‘Lega’ means wood or meadow or possibly camp – lee, lea, ley all meaning the same in Anglo-Saxon. A Saxon hermitage or small chapel was built at ‘lega’ perhaps on a Celtic burial ground or holy place. This became the basis of the chancel of an enlarged church.
There is evidence that in Edward the Confessor’s reign, 1042-1066, there was a Prebendary of Lega. William the Conqueror gave Lega to one of his barons, Geoffrey de Mowbray, Bishop of Coutances and Lega became the Manor of Leigh. It was later owned by Robert Fitzharding, a Bristol merchant who in 1143 founded the Abbey of St Augustine which later became the Bristol Cathedral.
Within the upper churchyard is an ancient yew believed to be over 800 years old. Also in the churchyard, the octagonal stone steps supporting the War Memorial are thought originally to have been the base of an early Preaching Cross. There is an ancient font beside the South porch which may have been used for christenings from the earliest days of the church until replaced by the existing 19th-century one.
The church was open and it had a fabulous window depicting King Josiah holding a church and with a church with scaffolding behind it. There was also a lovely Millenium tapestry. It took us ages to find Hannah for the multi-cache and if it wasn’t for the lady in the churchyard we might never have found her. We walked to the final in the sunshine but could not recognise the hint. Finally, we saw it and there was the cache, it was easy after all and we gave the church micro a favourite for multiple challenges it gave us.
We had lunch before visiting the inside of the church as a reenactment play for Good Friday was taking place inside and outside. A lovely church had a most amazing reredos of Jesus and ten saints in gold and paint. Absolutely stunning! It also had lovely stained glass windows and I especially loved the one of St Francis of Assisi and St Andrew in the window above St Thomas Chapel altar. There are also two grisaille style windows with only a little colour, one of the lamb of God which was a Powell window and one depicting the fishers of men.
This churchyard features in several movies and also in Broadchurch. Broadchurch is an ITV detective series, starring Olivia Colman and David Tennant, filmed in Clevedon and West Bay in Dorset. A number of scenes are set around Marshalls Field where a cache called Broadchurch had been placed. We really had to grab that cache too. The coordinates for the church micro were a bit out but it could only be in one place and it was soon found. A family of other young geocachers came up the road just as I put it back. They were also having problems so we prompted then in the right direction. A favourite point for a great church, a lovely place for lunch with a view, a Good Friday play, special movie memories, a wonderful sunny day and a sneaky cache.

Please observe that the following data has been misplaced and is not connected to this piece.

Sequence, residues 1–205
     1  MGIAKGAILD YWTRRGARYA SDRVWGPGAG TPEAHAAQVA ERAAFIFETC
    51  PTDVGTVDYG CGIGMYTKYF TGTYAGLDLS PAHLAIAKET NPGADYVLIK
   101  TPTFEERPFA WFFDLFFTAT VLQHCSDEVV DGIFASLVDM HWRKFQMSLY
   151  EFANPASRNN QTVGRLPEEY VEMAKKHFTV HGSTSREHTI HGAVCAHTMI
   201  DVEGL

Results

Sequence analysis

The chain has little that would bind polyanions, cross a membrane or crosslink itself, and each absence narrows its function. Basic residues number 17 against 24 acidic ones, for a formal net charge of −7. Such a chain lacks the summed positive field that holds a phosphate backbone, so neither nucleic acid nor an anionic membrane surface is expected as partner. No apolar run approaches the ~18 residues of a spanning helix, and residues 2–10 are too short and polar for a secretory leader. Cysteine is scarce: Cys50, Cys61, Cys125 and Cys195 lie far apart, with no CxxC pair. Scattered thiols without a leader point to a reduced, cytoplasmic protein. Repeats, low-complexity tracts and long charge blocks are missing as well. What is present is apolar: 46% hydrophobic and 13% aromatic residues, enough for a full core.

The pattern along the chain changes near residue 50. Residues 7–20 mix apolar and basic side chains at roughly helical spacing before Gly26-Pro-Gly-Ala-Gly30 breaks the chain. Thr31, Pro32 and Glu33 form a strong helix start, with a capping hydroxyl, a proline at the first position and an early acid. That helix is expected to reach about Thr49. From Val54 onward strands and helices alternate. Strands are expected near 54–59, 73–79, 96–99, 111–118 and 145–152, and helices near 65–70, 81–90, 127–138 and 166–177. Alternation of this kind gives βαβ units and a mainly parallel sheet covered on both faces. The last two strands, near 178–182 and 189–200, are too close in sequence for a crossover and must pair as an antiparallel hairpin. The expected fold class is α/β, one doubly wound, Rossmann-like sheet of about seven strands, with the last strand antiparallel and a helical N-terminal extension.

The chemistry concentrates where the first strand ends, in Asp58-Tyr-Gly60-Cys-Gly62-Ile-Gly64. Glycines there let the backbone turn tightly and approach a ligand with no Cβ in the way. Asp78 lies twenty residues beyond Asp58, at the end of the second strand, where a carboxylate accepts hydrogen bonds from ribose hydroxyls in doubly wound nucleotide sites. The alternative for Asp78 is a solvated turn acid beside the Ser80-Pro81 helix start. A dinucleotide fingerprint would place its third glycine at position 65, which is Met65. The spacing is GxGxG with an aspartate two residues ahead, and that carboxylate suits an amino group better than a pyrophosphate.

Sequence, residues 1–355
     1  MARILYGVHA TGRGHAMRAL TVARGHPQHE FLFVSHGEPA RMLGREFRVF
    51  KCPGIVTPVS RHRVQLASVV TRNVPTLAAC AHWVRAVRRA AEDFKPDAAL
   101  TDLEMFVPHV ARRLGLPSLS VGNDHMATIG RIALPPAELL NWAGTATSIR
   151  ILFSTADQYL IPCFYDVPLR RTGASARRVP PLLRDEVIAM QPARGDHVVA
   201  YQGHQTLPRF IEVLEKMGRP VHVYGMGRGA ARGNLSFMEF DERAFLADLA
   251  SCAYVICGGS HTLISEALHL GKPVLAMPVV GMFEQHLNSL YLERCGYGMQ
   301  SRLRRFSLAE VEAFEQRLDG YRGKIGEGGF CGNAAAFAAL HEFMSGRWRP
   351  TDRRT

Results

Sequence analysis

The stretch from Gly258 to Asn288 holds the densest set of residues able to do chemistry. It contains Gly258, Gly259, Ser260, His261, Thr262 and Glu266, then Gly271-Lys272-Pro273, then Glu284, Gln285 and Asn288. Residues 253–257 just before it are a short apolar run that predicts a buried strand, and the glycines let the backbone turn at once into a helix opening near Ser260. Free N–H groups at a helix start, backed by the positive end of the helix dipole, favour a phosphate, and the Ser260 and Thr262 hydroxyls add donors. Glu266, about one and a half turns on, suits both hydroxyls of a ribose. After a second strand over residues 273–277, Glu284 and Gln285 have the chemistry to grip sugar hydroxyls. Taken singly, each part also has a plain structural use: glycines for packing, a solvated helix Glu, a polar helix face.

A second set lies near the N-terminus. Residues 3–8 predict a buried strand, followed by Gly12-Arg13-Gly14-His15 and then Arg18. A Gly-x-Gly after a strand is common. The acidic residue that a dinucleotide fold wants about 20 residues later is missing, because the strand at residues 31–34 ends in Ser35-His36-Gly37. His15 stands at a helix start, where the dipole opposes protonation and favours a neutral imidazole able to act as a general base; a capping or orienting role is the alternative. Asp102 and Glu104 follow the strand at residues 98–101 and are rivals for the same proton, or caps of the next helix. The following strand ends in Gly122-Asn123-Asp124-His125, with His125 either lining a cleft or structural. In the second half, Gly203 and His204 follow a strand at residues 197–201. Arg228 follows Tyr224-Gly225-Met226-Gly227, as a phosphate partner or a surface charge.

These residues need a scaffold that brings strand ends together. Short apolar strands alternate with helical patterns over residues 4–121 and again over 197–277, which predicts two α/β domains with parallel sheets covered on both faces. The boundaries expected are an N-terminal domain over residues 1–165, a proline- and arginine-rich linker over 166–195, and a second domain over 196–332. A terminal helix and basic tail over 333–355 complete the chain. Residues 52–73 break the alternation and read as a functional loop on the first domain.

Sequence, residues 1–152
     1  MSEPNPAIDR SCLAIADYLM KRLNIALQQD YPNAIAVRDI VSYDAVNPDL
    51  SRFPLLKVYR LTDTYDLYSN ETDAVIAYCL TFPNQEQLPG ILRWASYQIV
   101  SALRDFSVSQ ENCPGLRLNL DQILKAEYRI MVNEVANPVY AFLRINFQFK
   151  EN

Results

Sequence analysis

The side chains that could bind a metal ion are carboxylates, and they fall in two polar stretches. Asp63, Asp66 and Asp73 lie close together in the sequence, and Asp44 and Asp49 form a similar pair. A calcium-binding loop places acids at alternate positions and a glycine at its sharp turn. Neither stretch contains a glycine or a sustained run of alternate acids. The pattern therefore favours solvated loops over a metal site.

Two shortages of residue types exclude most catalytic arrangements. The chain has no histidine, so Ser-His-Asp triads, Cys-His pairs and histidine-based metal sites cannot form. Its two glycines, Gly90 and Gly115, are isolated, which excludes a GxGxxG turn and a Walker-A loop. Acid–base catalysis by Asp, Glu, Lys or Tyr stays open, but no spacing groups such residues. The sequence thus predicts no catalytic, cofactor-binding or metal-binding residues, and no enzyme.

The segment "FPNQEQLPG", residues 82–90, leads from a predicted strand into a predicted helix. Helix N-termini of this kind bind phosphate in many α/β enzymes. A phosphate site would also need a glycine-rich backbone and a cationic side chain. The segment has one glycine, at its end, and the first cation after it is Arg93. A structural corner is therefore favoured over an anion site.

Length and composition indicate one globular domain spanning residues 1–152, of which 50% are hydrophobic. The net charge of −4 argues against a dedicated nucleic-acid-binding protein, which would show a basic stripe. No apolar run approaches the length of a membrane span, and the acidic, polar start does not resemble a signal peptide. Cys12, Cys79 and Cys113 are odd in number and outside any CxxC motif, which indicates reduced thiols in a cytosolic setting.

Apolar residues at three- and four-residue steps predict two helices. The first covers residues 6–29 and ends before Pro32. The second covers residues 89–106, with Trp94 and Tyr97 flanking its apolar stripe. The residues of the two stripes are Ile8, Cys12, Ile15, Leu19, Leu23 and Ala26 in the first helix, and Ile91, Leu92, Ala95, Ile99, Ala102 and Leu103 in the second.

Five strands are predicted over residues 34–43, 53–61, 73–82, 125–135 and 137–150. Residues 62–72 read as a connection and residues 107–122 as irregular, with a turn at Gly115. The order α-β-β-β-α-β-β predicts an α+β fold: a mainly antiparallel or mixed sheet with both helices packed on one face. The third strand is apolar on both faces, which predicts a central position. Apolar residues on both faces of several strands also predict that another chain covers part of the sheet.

We headed into Clevedon and decided to visit the pier. But there was very limited car parking as it was a fine spring day so lots of people were about enjoying the sunshine, so we had to park right up the hill. On the way down we walked right past a traditional church micro but there was a couple sitting on the seat so we had to wait until our return before we were able to grab the cache.
The pier opened in 1869 and there was a ferry from the pier across to Wales until the Severn Tunnel opened in 1886. We paid a small entry price of £3 each to go onto the pier. In the pier gatehouse, there was a gift shop, a museum exhibition about the history of the pier and a cafe. we walked down the 1024 ft length of it to the pavilion at the pier head. Walking on the pier was slightly disconcerting as you could see the sea below the gaps between the planks. Many of the planks had names of people who gave money to the maintenance of the pier. Opposite the entranceway is a late 19th-century drinking fountain which is Grade II listed.
There has been a church on the site of St John the Evangelist in Kenn from pre-Norman times but most of the structure today dates from 1861 when it was rebuilt. Amongst the older items in the church are two old monuments which were rebuilt into the church wall in 1861. Over the South Door is a Cost of Arm in memory of Sir Nicolas Staling Knight, who died in 1605, and was an usher at the court of Queen Elizabeth I and on the West Wall above the tower door is a monument to Sir Christopher Kenn who died in 1593, whose family occupied the Manor of Kenn from about 1150 to the early 1600s.
In the tower is a small window depicting Bishop Thomas Ken who held the Seat of Bath and Wells from 1685 to 1690, during the troublesome time of the Monmouth Rebellion, which culminated in the ‘Battle of Sedgemoor’. We are familiar with Bishop Kenn as he was someone we learned about during our exhibition in Wells Cathedral too. He is buried in a crypt at St John the Baptist church in Frome.
A lovely little church and a relatively easy find of the geocache right where we thought it would be. We liked the parking policy which other churches should follow asking that people do not park there when there is a service on unless attending the service. It is frustrating to find perfectly good car parks that are padlocked except during services.
A lovely day exploring sites around North Somerset and then back home to see Raffy, Darcy and Rio.